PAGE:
What is the most suitable light for orchids?

They are one of the plants that arouses the most passions but, simultaneously, one of the ones that raises the most doubts. Among all of them, there is a star topic: what is the most suitable light for orchids. A recurring query among those who are new to growing this plant or even for those who suddenly discover one of the many types of orchids that exist beyond the most popular. And it is that light is, precisely, the most important care for our orchids to flourish. A dark object of desire that pursues anyone who takes care to cultivate them, and has the patience to see them flourish.

Despite what it may seem a priori, there is no universal answer when it comes to talking about the most suitable light for orchids. And it is logical, on the other hand. Let us bear in mind that we are talking about 35,000 species encompassed in more than 750 families. And if the number was not already impressive, it increases if we take into account the many hybrids used in gardening.

Such a variety gives us a clue about the most suitable light for orchids. There is not just one, but one for each orchid species. But it is a statement that has nuances, and today we are willing to see them in detail.


Before looking at details about the most suitable light for orchids, it is vital that we understand something. And we mean how they live in their natural origins. Due to the incredible number of species, we can find orchids in extremely different latitudes. It is more: the orchid is present in all the climates of the world, except the polar ones and the desert ones. And, although it is true that there are incredible specimens in different corners of our planet, it is also true that those from tropical climates are the most spectacular.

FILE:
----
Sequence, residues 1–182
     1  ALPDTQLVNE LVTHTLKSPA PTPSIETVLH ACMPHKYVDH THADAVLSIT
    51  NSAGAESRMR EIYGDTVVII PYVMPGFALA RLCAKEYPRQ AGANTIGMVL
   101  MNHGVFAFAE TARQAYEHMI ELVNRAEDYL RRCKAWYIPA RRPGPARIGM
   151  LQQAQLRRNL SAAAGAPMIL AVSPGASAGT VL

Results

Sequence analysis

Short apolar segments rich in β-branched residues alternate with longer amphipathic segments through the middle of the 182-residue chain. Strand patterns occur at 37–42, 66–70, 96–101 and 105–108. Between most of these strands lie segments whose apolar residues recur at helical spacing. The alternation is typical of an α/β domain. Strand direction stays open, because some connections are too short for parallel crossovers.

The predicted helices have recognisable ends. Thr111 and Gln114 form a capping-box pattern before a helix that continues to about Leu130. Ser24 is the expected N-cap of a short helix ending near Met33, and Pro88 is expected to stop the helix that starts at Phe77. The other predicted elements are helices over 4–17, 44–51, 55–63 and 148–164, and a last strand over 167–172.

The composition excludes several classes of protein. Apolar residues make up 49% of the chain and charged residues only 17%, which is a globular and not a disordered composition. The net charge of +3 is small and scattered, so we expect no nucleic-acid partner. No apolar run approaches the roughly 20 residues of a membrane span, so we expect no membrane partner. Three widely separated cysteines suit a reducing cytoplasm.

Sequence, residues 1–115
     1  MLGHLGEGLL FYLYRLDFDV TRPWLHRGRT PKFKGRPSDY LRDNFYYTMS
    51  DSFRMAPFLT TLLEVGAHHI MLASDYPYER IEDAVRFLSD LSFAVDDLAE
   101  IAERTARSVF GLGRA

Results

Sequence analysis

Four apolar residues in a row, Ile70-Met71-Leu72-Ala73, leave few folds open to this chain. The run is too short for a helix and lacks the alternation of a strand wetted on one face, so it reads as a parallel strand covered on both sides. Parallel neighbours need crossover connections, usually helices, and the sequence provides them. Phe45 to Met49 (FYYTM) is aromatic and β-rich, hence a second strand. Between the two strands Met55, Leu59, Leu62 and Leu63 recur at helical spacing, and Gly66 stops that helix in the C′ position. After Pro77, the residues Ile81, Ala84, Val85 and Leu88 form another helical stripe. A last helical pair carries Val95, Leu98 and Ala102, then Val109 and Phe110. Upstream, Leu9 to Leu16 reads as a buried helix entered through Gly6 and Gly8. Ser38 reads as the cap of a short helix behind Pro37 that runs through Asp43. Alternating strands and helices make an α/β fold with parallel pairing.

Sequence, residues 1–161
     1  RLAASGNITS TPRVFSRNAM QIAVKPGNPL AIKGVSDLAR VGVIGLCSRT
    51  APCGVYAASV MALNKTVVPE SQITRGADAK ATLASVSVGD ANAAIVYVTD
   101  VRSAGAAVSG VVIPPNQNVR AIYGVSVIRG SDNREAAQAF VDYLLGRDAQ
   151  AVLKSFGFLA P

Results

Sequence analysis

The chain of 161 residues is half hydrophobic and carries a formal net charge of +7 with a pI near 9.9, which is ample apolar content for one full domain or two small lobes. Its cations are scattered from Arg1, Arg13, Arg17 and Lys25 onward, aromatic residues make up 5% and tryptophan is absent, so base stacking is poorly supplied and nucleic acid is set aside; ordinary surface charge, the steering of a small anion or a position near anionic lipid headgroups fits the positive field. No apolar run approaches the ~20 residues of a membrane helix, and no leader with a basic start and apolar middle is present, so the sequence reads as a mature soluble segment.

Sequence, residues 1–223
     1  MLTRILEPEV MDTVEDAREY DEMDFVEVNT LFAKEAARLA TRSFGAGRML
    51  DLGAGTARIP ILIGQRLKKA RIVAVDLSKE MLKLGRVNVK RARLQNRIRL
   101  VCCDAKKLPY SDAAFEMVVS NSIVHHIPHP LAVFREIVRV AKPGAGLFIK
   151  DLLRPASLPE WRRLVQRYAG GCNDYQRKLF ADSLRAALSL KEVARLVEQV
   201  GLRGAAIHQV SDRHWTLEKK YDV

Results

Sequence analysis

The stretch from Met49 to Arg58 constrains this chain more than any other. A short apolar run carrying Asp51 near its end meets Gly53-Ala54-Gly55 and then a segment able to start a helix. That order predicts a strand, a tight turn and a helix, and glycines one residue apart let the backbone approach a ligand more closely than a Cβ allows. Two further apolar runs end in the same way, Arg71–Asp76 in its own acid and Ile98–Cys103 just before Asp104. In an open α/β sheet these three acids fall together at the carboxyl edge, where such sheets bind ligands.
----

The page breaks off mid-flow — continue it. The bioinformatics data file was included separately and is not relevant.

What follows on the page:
But even with shared origins, the most suitable light for orchids varies. Let us remember that one of the incredible virtues of this family of plants is its ability to adapt to the environment. For this reason, we find species that live in almost semi-darkness in tropical forests as well as others capable of settling on tree trunks seeking sunlight. Or, leaving epiphytes aside, orchids that grow in our fields in full sun.

Knowing which is the most suitable light for orchids involves knowing the details of our plants. It is clear that all the orchid plants that we find in centers like Verdecora have high light needs. All of them are tropical in nature and, for this reason, demand good light. But even so, there are different levels of demand for an orchid to grow and bloom properly.

Let us see, then, some details about the appropriate light for orchids according to their species:

phalaenopsis orchid

The most suitable light for this type of orchid is not one of the most demanding. Get your Phalaenopsis orchid here

One of the most common types of orchids in homes. It is, perhaps, the most common because of the simplicity of its cultivation. They need a good degree of light but they also adapt to poorer environments. They can never receive direct sun.

cambrian orchid

A beautiful flower that does not require too much care. Buy your Cambria orchid online

Another of the most popular for its flowers, slightly more oval. They also need a good degree of luminosity but, again, it can never be direct. But beware: too much light can delay flowering. Another aspect that gives us an idea of ​​what they are like: away from other congeners, they prefer rather cool environments.